UK NHRIs express concern to UN Human Rights Council on human rights impact of leaving the EU

Today the Commission, the Northern Ireland Human Rights Commission and the Equality and Human Rights Commission have issued a statement to the UN Human Rights Council highlighting our concerns about the retrogression of rights when the UK leaves the European Union (EU) and the need for active follow up on UN recommendations.

The joint statement marks the mid-term stage of the United Kingdom’s Universal Periodic Review at the UN - a process whereby states peer review their human rights records.

Further to the joint statement the Scottish Human Rights Commission is deeply concerned about the human rights impacts of a no-deal exit from the EU, based upon the UK Government’s own assessments. The recently disclosed ‘Operation Yellowhammer’ documents note that there are likely to be disruptions in the supply of food and essential medicines in the event of a no-deal exit from the EU.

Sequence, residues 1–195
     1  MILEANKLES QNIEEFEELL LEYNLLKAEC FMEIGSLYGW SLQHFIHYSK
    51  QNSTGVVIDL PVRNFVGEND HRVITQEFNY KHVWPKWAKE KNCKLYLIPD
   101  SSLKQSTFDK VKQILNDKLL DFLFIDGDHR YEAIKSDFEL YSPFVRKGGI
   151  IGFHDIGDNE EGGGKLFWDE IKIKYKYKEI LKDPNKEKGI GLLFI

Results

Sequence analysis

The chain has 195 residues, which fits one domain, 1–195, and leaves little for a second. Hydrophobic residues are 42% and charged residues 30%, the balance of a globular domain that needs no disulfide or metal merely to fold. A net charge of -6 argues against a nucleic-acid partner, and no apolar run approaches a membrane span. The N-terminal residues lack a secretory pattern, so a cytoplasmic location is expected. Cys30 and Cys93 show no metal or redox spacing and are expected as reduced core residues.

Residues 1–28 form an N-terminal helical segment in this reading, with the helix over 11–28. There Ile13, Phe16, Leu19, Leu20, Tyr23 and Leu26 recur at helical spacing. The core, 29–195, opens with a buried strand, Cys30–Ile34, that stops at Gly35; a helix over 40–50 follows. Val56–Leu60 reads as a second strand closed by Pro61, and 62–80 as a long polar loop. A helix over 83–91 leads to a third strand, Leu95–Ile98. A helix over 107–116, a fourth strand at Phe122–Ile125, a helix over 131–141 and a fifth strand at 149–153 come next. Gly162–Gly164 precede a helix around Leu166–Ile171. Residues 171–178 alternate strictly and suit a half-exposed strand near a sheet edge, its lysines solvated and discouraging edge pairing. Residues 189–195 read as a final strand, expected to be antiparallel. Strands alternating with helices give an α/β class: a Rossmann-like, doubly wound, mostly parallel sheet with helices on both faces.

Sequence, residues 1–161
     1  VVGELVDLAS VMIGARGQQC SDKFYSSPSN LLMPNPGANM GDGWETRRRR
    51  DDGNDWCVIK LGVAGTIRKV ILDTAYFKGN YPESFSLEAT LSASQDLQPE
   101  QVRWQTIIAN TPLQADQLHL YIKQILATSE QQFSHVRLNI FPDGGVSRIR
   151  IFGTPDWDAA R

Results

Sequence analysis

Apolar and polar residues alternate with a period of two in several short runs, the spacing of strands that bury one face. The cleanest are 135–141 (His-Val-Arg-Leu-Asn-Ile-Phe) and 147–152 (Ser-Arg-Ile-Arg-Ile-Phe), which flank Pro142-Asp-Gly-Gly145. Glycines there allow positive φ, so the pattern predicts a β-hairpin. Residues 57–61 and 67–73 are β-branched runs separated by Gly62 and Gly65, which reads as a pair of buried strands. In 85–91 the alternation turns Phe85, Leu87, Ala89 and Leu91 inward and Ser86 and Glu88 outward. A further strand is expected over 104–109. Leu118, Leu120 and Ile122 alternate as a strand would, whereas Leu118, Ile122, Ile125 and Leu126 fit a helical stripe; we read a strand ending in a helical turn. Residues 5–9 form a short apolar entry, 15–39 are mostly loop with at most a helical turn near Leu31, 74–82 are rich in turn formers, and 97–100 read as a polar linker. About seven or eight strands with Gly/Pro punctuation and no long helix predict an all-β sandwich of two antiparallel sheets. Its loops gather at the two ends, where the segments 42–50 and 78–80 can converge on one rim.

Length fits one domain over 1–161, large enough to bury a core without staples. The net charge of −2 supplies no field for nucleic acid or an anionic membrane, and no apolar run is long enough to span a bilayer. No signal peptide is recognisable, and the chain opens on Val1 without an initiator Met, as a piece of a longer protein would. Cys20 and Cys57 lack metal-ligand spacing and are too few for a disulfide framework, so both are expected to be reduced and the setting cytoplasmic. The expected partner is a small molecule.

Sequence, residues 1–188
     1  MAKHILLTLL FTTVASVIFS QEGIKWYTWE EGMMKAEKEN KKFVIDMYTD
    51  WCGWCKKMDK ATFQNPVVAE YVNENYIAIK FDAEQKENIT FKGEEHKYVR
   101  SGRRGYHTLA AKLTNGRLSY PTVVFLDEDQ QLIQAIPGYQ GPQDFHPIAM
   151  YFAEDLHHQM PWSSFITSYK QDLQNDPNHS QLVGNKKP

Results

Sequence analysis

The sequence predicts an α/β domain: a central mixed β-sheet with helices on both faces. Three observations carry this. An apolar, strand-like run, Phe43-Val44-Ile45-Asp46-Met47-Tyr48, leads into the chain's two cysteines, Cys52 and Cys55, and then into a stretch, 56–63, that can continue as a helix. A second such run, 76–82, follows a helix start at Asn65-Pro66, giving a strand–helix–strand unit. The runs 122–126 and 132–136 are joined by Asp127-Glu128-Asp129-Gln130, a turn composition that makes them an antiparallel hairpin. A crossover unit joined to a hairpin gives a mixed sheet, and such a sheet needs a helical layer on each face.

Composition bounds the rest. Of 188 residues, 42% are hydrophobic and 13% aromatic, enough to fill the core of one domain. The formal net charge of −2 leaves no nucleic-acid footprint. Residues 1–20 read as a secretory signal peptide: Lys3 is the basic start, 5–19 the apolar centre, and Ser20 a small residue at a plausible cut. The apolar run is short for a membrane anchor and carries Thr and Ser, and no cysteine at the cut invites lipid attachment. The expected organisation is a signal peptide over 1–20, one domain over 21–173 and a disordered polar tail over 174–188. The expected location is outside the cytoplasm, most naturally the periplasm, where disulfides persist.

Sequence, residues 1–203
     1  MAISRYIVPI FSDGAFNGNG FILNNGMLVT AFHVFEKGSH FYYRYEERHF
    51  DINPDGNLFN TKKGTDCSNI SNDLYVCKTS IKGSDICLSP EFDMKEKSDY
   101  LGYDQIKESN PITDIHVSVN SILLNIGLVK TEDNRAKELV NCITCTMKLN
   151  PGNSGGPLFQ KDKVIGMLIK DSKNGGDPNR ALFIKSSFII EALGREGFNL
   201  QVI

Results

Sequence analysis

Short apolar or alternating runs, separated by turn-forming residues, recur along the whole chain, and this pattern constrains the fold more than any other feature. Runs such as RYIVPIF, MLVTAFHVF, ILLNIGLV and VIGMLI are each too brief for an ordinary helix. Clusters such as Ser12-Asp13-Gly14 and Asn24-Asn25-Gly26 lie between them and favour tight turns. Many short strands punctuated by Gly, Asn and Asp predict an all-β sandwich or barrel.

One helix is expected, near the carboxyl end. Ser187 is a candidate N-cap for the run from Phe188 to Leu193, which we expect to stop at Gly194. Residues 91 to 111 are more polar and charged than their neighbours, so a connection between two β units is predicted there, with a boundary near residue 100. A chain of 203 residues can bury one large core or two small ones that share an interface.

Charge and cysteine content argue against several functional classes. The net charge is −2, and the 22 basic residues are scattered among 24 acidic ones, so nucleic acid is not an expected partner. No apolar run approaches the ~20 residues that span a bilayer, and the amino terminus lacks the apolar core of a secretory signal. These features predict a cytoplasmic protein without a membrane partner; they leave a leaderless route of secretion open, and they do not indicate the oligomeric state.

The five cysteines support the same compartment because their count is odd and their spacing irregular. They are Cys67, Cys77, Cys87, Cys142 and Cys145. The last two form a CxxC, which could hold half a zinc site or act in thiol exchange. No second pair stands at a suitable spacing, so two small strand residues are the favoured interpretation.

The United Kingdom has signed and ratified the International Covenant on Economic, Social and Cultural Rights. This places legal duties on the UK Government to provide minimum essential levels of rights to health, food and an adequate standard of living. Shortages and supply disruptions such as those described in the Operation Yellowhammer documents are likely to affect the availability, accessibility, adequacy and quality of food, health services and public health systems. For example,  it is estimated by the UK Government that 75% of medicines come to the UK through Dover and that there may be delays in supply of up to 6 months.

Commenting on the human rights implications of the evidence, Judith Robertson, Chair of the Scottish Human Rights Commission, said:

“Under international human rights law there is a strong presumption against States deliberately taking steps which impact negatively on rights such as the right to food, health or an adequate standard of living.

In the very limited circumstances under which such backward steps may be permissible, they must be shown to be lawful, proportionate, temporary, necessary, non-discriminatory and have a legitimate aim. Any decision by the UK Government to leave the EU which knowingly puts rights at risk without fully meeting these criteria would be deemed a breach of its obligations in international law.”